Joint aches? You may be suffering from osteoarthritis | Sunday Observer
Medi Snips:

Joint aches? You may be suffering from osteoarthritis

1 May, 2022

With the whole of this month being dedicated to raising awareness on bone diseases , the Sunday Observer spoke to a specialist in the field to share some of his views on Osteoarthritis which many people are yet to fully understand.

The Sunday Observer asked Head of Rehabilitation Services, MJF Charitable Foundation , Dr Gopi Kitnasamy, to explain what the disease was and how it could be detected this is what he had to say,

“Osteoarthritis ( OA) is the most common form of arthritis, affecting millions of people worldwide. It occurs when the protective cartilage on the ends of your bones wears down over time. Although osteoarthritis can damage any joint in your body, the disorder most commonly affects joints in your hands, knees, hips and spine. In normal joints, a firm, rubbery material called cartilage covers the end of each bone. Cartilage provides a smooth, gliding surface for joint motion and acts as a cushion between the bones. In OA, the cartilage breaks down, causing pain, swelling and problems moving the joint.””

Asked if and how the symptoms could be detected at an early stage he told Medi Snip,” Osteoarthritis symptoms often develop slowly and worsen over time. Signs and symptoms of osteoarthritis include:

  •  Pain. Your joint may hurt during or after movement.
  • Tenderness. Your joint may feel tender when you apply light pressure to it.
  • Stiffness. Joint stiffness may be most noticeable when you wake up in the morning or after a period of inactivity.
  • Loss of flexibility. You may not be able to move your joint through its full range of motion.
  •  Grating sensation. You may hear or feel a grating sensation when you use the joint.
  •  Bone spurs. These extra bits of bone, which feel like hard lumps, may form around the affected joint.

Responding to a further query on the factors that could increase risks of osteoarthritis he said, “ Risk Factors that may increase your risk of osteoarthritis include: Older age i.e . The risk of osteoarthritis increases with age and sex. Women are more likely to develop osteoarthritis, though it isn’t clear why. Obesity. Carrying extra body weight contributes to osteoarthritis in several ways, and the more you weigh, the greater your risk. Increased weight puts added stress on weight-bearing joints, such as your hips and knees. In addition, fat tissue produces proteins that may cause harmful inflammation in and around your joints. Joint injuries. Injuries, such as those that occur when playing sports or from an accident, may increase the risk of osteoarthritis. Even injuries that occurred many years ago and seemingly healed can increase your risk of osteoarthritis.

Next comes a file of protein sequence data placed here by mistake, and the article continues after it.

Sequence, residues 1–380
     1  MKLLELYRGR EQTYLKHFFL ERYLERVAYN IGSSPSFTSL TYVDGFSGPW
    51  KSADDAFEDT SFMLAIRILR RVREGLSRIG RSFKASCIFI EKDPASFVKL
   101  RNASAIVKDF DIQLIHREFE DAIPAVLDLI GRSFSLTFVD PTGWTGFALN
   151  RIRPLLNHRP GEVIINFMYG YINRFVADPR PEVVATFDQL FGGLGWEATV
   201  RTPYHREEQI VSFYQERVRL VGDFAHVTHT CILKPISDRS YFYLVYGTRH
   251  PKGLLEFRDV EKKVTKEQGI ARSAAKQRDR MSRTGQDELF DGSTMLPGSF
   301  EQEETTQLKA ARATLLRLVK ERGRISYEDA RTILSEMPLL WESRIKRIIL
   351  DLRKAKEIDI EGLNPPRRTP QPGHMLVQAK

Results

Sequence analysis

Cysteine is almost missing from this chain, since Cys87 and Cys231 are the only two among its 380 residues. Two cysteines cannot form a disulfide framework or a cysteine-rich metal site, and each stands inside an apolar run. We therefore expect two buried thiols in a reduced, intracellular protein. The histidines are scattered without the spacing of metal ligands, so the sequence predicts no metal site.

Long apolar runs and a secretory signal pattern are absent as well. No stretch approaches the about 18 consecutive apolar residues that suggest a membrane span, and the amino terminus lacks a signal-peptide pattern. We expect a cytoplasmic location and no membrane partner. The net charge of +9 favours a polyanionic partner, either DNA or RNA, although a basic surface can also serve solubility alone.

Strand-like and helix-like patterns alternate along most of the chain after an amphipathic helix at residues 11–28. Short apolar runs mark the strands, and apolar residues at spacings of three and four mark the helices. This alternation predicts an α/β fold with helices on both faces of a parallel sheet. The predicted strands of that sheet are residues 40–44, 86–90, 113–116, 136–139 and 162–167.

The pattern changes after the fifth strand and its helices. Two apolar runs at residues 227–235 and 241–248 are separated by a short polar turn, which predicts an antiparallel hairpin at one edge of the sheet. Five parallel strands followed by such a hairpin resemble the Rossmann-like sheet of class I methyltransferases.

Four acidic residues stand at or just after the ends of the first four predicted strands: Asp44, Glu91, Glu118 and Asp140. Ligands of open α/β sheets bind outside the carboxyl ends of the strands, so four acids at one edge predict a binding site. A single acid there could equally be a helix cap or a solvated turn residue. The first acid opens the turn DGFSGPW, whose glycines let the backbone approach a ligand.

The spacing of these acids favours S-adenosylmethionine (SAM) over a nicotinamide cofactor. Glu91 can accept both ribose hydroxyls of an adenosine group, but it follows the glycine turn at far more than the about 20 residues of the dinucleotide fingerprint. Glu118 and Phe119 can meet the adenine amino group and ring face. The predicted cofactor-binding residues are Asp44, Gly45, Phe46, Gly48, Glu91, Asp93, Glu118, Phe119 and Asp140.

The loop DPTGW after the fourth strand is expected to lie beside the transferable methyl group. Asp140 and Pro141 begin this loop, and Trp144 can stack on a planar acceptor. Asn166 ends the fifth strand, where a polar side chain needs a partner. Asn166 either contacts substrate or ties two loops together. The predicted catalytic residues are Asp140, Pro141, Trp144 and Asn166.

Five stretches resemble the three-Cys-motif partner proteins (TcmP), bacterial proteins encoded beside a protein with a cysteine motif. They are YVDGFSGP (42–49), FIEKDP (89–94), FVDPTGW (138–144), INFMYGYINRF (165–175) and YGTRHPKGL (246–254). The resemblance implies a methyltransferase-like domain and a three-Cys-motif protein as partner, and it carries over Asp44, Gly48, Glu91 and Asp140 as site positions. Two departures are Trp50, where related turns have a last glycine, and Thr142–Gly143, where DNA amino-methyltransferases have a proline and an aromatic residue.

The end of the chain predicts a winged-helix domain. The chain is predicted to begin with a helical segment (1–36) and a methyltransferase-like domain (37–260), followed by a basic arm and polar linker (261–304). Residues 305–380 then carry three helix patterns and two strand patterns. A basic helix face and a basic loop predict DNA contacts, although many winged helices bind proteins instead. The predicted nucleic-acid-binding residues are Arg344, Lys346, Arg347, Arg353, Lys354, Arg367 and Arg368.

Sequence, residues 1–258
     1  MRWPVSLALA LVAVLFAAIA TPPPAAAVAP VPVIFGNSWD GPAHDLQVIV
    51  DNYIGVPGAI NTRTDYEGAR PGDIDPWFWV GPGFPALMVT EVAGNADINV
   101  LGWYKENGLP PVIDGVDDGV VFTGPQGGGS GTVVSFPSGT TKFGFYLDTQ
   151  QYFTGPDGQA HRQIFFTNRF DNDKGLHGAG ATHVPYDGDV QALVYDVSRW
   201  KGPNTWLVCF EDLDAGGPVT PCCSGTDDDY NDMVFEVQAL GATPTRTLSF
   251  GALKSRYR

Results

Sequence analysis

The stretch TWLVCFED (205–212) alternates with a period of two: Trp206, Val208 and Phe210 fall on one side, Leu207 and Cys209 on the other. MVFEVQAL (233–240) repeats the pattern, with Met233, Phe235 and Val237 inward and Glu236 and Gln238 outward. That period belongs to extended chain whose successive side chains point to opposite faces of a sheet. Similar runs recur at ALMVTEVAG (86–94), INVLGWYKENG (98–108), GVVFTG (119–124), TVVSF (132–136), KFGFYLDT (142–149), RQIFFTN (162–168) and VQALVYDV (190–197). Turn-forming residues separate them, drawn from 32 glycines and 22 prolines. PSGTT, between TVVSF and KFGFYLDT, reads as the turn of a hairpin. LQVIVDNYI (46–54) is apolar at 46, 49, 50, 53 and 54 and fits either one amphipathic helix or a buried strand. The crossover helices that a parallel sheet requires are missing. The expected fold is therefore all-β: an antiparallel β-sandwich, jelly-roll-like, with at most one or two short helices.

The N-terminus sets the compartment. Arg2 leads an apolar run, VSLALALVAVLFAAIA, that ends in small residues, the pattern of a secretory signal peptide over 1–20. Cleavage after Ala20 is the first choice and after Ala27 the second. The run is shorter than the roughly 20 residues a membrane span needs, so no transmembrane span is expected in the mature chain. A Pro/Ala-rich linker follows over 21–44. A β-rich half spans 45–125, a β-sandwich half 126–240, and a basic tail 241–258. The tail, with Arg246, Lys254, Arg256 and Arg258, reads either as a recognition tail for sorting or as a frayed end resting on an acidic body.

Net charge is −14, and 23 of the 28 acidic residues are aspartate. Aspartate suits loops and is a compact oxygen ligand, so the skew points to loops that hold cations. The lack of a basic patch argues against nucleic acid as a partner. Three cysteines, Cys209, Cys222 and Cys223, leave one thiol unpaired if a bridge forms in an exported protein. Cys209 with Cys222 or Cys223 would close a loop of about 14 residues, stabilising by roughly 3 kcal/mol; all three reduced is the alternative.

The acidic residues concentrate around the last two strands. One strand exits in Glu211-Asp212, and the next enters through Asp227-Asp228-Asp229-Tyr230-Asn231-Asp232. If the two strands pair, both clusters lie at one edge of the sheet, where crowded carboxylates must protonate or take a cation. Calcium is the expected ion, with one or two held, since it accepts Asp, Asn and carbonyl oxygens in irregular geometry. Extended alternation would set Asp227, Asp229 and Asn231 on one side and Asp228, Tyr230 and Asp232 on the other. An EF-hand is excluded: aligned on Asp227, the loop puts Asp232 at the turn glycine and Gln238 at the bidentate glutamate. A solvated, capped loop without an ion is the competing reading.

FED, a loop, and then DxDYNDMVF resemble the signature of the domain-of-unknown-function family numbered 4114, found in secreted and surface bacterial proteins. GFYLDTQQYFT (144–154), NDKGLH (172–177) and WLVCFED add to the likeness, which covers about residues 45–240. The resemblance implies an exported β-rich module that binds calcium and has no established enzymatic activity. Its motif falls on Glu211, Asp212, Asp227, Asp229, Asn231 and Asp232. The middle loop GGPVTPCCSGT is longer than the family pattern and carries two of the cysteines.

He said that certain occupations especially if it places repetitive stress on a particular joint and later develop into osteoarthritis. that joint may eventually develop osteoarthritis.

Other factors which also contributed to the disease were: Genetics. Some people inherit a tendency to develop osteoarthritis, and Bone deformities. Some people are born with malformed joints or defective cartilage, which can increase the risk of osteoarthritis.

So how can it be prevented? Can exercise help? We asked.

In reply, he said, “ Exercise is an integral part of any arthritis treatment program, as it helps to strengthen and stabilise the joints, preventing further damage. For patients suffering from osteoarthritis, the pain brought on by regular exercise can feel unbearable. Water Exercise is an excellent option for patients with osteoarthritis of the knees, hip osteoarthritis, and spinal osteoarthritis due to the decreased pressure placed on the joints.

In what way? we asked.

In reply he said, “ Water provides an ideal environment for patients to exercise because the buoyant force of water counteracts the downward pull of gravity, thus reducing the weight placed on the joints. pain. Water exercise is especially helpful in cases where a land-based exercise program is not possible due to the intensity of pain, decreased bone density, disability or other factors. Water exercise is particularly good for people with conditions such as: Osteoarthritis, Advanced osteoporosis (with susceptibility to and/or pain from fracture) Muscle strain or tears and Physical disabilities and Neurological disorders. In addition to those conditions, water exercise is frequently recommended as one form of exercise therapy to treat those with diabetes as well as individuals with high blood pressure. Both conditions can improve and become more manageable with water exercise. ”

Going forward, we asked whether there was something new being tried out now. In reply he said, “Water Walking is becoming popular. Water walking is considered easy on the joints, according to the Arthritis Foundation. You can walk in the shallow end of the pool or walk in the deep end with a flotation belt. You can walk backwards and sideways, as well as forwards in the pool, to tone different muscles. Sitting along the pool edge and doing kicks or squats also enhance your water workout. Water exercise allows people to work out longer at lower intensities, thereby burning more calories than shorter duration, high-intensity exercise.”

He noted however that “Adults with obesity problems which is one cause for OA may have functional limitations that result in difficulty performing traditional weight-bearing exercises and activities. Weight loss involves burning more calories than a person ingests. Water exercise allows people to work out longer at lower intensities, thereby burning more calories than shorter duration, high-intensity exercise.”